Book review: Daddy’s Girl by Victoria Sue

Daddy's Girl by Victoria Sue

I have read other books by this author that I really enjoyed, so I gave this one a shot despite it being clear that it had mpreg in it, which isn’t my thing.

As best I could tell, the characters lived in an alternate Earth where women had died out. They now had alpha males (traditional men) and omega males (who gave birth to the babies). It was an interesting concept and I thought there was a lot of thought put into how they came to be in this situation (how the women died out, etc.) and also things like the birthing clinics and professional omegas.

The couple in this story are Kyron and Tolly. Kyron is an alpha, but smaller than a typical alpha. Tolly is an omega, but much larger than a typical omega. I’m not sure why the author felt that was necessary, and it seemed a little contrived, but whatever. The book is kind of built around the idea that Tolly has been rejected all his life for being different, and there is a definite motto that we should accept and love people for who they are, even if they’re different.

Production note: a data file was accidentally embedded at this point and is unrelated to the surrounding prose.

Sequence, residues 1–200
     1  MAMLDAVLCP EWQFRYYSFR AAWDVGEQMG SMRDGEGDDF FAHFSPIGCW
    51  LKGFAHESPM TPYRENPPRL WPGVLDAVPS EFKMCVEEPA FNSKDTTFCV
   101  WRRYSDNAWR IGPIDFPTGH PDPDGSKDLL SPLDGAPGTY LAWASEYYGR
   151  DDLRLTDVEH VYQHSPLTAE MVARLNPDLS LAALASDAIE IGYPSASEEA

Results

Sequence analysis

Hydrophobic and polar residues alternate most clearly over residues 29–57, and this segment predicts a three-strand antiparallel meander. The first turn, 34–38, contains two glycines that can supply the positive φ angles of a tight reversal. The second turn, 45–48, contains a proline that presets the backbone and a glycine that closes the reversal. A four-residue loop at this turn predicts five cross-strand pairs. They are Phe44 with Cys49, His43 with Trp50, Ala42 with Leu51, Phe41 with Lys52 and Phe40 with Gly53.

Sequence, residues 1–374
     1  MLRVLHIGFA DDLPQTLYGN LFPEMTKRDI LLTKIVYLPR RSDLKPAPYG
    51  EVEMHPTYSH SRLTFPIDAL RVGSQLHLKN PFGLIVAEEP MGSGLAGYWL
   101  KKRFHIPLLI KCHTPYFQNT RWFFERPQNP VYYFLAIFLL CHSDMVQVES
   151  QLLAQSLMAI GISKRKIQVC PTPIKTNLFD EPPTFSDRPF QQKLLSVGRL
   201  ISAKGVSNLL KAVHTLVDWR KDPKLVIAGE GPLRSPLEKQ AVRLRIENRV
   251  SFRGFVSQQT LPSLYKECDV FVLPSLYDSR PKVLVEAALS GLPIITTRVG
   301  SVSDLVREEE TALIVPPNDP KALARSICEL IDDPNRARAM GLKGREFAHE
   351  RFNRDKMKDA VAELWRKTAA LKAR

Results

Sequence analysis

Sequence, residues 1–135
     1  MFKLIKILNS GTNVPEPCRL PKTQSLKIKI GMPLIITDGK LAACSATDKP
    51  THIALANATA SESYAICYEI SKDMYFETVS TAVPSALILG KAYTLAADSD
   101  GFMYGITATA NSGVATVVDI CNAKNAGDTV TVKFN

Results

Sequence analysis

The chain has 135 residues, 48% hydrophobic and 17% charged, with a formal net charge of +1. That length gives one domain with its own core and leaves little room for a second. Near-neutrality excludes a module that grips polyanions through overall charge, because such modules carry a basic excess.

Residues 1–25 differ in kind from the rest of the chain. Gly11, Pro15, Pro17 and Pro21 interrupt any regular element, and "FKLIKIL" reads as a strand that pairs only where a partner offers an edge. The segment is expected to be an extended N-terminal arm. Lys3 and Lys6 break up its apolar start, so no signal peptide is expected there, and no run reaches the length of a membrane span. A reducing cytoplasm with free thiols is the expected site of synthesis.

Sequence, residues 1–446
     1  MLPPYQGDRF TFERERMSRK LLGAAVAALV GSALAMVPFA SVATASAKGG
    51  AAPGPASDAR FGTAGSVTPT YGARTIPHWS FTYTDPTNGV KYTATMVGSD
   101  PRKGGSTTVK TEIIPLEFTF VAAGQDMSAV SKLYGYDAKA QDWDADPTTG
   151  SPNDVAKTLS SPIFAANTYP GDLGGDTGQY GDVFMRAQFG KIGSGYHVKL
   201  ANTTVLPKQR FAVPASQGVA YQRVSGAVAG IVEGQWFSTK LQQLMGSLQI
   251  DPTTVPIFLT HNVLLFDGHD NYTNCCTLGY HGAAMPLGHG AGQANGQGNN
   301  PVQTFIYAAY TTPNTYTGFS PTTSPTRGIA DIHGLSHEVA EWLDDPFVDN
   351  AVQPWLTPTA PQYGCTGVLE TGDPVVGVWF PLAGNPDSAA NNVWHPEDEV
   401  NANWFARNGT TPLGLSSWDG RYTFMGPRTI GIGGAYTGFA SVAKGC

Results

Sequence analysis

It’s blatantly obvious from the title and cover that Tolly gives birth to a girl, so I don’t feel like I’m giving away a spoiler there. The doctors are, understandably, baffled by the idea that the child doesn’t have the usual male genitalia, and I thought that was quite well handled. However, at the end of the book, a researcher of ancient history reveals the grand truth that the reader has known all along – it’s not a malformed boy, it’s a girl! Everyone is pleased and The End. Wait, what? They didn’t even know girls existed prior to that moment, but they accept it and all is well. I understood when they accepted their malformed ‘son’ and agreed to love him regardless of any deformities. I get that. But someone announces that there’s this mysterious second gender that no one living has ever heard of, let alone seen, and they just go ‘Oh yep, cool.’ Um, what?

There’s a whole suspense/mystery thing happening in the background. I had my suspicions as to the baddie, and I ended up being right, but I wouldn’t say it was blatantly obvious. On the whole, I thought the suspense and mystery were handled quite well.

I liked some of the supporting characters, such as Kyron’s Papa and the omegas that Tolly gets to know. Overall, I gave this book three stars. I felt there was this huge dramatic lead up to the first girl born in centuries, and then it was just unbelievably (literally, as it defied belief) anticlimactic.

 

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